Hancock said there are reports of at least six other cases, though not on-camera, of red-tailed hawk and eagle connections across Canada.
Red-tailed hawk chicks are considerably smaller than bald eagle chicks. Adult eagles reach 15 pounds, said Sasse, while hawks are three pounds. But the hawk chicks are feisty, he said.
How the hawk ended up in the Sidney nest had stumpted scientists. At the time, theories varied from the grim and grisly to simple convenience and even dumb luck.
One was the parent eagles took the chick’s hawk mother as prey. As the eagles tore apart her carcass from her, the egg rolled out to sit with the eagles’ own eggs until she hatched.
Another was that the hawk mother was flying when she suddenly had to drop the egg. The first convenient location she lit upon was the eagle nest while the parents were away.
The theory that gained traction among bird-of-prey specialists, however, was that the eagle parents carried the chick back to the nest as food for their own young, but fed it when it started to beg for food. A few weeks after fledging, the young Sidney hawk disappeared, never to be seen again.
Hancock said the behavior of red-tailed hawks raised by eagles hasn’t been documented because the young birds haven’t been banded or fitted with trackers.
In the Sidney case, Hancock placed plastic swimming pools with water at the base of the 80-foot tree and put mice and voles in the pool. The young hawk did what it was supposed to do — hunt rodents — even though it was fed a steady diet of fish from the eagles at the nest.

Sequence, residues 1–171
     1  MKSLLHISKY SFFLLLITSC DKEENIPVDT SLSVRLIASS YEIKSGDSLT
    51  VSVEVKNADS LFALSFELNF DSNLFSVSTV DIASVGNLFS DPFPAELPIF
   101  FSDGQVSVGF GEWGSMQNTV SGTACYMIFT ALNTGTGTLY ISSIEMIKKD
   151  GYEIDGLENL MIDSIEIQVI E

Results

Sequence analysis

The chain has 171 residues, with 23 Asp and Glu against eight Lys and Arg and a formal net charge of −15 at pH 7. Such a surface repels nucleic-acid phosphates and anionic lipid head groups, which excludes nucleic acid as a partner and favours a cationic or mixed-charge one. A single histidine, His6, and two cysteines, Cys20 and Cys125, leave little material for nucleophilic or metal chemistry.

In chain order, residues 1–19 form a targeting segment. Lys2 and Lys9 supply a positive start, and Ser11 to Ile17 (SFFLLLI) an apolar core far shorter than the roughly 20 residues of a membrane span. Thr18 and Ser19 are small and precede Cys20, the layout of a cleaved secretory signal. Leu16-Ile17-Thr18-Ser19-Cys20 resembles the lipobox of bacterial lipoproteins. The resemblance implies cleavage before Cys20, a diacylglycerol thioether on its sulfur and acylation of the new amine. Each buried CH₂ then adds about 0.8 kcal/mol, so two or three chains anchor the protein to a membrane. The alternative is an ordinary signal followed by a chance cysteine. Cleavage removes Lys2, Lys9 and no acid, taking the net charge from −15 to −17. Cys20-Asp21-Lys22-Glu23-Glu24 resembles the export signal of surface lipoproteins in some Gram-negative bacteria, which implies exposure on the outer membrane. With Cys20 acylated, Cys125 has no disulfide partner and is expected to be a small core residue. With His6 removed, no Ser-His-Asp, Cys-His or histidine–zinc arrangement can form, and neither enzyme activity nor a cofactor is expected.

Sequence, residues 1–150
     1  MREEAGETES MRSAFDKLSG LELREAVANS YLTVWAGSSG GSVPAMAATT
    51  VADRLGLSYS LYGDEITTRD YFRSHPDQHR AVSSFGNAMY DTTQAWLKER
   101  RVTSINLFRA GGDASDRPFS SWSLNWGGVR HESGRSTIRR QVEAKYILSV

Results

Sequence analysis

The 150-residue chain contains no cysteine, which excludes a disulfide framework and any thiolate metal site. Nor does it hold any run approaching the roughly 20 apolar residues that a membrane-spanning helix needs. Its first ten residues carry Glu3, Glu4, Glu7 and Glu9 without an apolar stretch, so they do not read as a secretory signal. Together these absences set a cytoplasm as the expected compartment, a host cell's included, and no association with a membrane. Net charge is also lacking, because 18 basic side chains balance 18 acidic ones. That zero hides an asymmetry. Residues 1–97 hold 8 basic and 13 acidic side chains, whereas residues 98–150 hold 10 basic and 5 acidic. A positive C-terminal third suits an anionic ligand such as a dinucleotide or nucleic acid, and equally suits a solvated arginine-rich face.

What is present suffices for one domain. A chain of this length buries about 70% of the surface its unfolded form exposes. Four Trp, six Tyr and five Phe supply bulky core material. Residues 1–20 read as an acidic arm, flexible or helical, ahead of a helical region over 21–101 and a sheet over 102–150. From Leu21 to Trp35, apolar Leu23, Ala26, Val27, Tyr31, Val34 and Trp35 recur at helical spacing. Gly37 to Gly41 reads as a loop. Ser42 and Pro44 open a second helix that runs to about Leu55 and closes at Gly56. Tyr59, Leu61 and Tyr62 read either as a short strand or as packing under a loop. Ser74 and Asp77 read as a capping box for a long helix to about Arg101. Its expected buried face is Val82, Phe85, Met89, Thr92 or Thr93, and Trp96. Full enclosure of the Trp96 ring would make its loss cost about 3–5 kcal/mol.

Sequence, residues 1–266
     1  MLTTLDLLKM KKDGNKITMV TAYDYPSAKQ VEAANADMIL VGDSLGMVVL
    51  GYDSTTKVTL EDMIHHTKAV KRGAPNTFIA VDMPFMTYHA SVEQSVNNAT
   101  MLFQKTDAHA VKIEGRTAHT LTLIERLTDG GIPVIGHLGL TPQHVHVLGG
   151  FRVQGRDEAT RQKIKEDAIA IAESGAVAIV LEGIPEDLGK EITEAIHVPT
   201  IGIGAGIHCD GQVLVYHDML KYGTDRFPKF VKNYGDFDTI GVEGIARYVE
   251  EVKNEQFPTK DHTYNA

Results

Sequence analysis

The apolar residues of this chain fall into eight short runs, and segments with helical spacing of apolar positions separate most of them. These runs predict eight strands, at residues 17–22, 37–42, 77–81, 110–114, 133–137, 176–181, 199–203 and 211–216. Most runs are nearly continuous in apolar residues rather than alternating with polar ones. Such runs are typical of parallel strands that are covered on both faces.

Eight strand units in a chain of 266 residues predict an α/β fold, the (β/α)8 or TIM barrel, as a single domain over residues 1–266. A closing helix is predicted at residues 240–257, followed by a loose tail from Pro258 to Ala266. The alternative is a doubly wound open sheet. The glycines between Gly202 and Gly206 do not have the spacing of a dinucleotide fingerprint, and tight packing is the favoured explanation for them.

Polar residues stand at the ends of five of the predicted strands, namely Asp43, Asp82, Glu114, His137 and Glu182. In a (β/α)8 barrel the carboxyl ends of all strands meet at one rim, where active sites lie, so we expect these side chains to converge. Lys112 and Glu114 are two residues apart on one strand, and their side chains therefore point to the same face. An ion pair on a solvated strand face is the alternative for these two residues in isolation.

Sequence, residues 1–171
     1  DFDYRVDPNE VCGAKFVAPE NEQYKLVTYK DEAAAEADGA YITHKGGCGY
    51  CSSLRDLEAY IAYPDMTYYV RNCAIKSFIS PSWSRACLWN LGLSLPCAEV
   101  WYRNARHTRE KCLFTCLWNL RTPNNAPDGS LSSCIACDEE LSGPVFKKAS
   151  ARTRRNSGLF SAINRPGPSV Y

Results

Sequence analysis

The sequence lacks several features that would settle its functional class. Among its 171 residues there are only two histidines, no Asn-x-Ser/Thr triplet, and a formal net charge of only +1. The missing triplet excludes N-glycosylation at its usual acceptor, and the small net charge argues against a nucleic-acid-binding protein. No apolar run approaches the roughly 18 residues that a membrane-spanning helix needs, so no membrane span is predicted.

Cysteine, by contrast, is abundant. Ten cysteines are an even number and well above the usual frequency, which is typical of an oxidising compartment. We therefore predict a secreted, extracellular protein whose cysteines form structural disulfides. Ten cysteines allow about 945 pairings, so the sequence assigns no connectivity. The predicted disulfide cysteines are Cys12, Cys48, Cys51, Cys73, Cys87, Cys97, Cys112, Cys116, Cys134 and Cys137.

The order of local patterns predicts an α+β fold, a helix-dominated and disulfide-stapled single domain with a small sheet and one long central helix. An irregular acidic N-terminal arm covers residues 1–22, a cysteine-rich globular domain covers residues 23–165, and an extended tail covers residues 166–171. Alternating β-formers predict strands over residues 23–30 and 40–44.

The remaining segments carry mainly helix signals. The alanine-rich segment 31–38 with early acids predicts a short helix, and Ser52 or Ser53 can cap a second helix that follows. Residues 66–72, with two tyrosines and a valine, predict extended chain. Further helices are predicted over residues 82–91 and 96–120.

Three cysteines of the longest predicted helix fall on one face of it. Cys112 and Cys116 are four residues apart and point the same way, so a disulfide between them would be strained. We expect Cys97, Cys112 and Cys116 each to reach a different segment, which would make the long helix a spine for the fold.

Hancock’s group monitors about 600 eagles’ nests in the province, where treetop views have opened a wealth of information for scientists.
“I spent a lifetime looking up with binoculars until the webcams started, and it’s amazing,” said Hancock. “We’re seeing that eagles have a nightlife too. They’re busy. We have video of mice crawling in their nests and attacks by owls and raccoons, and now adoptions of little hawks.”
Experts say the phenomenon isn’t that unusual in nature. The brown-headed cowbird, found across North America, including Vancouver Island, deliberately lays eggs in the nests of other bird species, which then feed and rear the cowbird chick as their own.
The exact location of the Gabriola nest isn’t being disclosed as residents don’t want any extra activity to disturb the raptors. The public is being warned to stay away as there is no parking, the site is on private property and neighbors in the area are concerned about privacy.
The Gabriola hawk should fledge from the nest sometime in the next three weeks. As to the little hawk’s name, the consensus among Growls volunteers and locals is Malala, which means “survivor.”
• To view the hawk in the nest visit growls.ca/eagle-nest-cam/.
Growls is a 100 per cent volunteer organization. Anyone who wants to donate to help them out can do so at growls.ca.
— With files from Tiffany Crawford